Elevated emissions of volatile organic compounds, including benzene, toluene, ethylbenzene, and o, p, and m-xylenes (BTEX), are an occupational health concern at oil transfer stations. This exploratory study investigated personal exposure to BTEX through environmental air and urine samples collected from 50 male workers at a major oil distribution company in Iran. Airborne BTEX exposures were evaluated over 8h periods during work-shift by using personal passive samplers. Urinary BTEX levels were determined using solid-phase microextraction with gas chromatography mass spectrometry for separation and detection. Mean exposure to ambient concentrations of benzene differed by workers' job type: tanker loading workers (5390μg/m3), tank-gauging workers (830μg/m3), drivers (81.9μg/m3), firefighters (71.2μg/m3) and office workers (19.8μg/m3). Exposure across job type was similarly stratified across all personal exposures to BTEX measured in air samples with maximum concentrations found for tanker loading workers. Average exposures concentrations of BTEX measured in urine were 11.83 ppb benzene, 1.87 ppb toluene, 0.43 ppb ethylebenzene, and 3.76 ppb xylene. Personal air exposure to benzene was found to be positively associated with benzene concentrations measured in urine; however, a relationship was not observed to the other BTEX compounds. Urinary exposure profiles are a potentially useful, noninvasive, and rapid method for assessing exposure to benzene in a developing and relatively remote production region.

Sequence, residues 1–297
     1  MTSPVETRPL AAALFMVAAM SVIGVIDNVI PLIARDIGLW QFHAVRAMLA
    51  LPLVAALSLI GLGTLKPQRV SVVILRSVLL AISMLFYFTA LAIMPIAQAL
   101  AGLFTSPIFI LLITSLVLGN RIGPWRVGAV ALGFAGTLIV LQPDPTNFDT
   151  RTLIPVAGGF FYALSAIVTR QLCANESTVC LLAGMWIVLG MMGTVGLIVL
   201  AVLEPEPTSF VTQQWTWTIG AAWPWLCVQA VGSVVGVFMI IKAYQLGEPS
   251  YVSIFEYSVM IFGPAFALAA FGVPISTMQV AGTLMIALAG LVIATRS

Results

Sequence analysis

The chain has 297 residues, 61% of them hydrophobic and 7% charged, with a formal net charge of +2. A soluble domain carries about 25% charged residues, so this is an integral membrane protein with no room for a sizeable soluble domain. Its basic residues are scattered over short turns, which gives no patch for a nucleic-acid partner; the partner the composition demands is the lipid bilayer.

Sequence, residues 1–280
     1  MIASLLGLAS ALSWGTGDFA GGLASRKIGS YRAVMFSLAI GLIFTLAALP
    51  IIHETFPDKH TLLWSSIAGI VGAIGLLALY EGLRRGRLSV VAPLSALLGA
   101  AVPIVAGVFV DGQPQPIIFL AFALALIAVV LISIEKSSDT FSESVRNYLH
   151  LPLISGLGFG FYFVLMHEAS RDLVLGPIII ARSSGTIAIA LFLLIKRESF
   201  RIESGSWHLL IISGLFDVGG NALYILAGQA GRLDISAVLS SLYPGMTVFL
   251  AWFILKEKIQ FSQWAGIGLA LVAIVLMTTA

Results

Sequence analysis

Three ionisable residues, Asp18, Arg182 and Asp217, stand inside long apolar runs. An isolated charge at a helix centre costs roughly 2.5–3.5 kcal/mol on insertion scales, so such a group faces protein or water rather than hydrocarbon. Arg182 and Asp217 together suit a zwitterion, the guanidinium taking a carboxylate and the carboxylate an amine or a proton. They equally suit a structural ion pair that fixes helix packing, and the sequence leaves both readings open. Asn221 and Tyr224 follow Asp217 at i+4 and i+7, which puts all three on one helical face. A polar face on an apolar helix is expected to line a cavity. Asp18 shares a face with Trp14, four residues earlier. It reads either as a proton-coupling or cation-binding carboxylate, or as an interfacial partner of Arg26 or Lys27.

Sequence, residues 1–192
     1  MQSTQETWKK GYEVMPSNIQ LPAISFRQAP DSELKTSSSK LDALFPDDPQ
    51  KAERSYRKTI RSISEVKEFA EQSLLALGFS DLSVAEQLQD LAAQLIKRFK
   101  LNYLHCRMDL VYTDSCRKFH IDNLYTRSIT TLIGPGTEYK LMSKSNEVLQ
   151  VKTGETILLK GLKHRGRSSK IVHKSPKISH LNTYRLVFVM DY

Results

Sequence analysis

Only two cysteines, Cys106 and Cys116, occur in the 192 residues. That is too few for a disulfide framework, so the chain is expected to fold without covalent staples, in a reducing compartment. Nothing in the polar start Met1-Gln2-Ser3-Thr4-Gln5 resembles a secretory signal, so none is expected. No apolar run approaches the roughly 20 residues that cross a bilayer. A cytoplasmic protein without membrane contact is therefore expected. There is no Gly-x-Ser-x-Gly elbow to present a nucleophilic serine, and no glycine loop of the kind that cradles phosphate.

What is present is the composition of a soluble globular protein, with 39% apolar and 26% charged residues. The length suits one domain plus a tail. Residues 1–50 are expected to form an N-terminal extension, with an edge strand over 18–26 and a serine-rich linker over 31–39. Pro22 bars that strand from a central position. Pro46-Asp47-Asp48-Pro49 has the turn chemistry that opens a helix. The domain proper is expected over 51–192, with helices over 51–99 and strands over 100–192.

Keywords: Biomonitoring; Occupational exposures; Oil distribution facility; Urinary BTEX.
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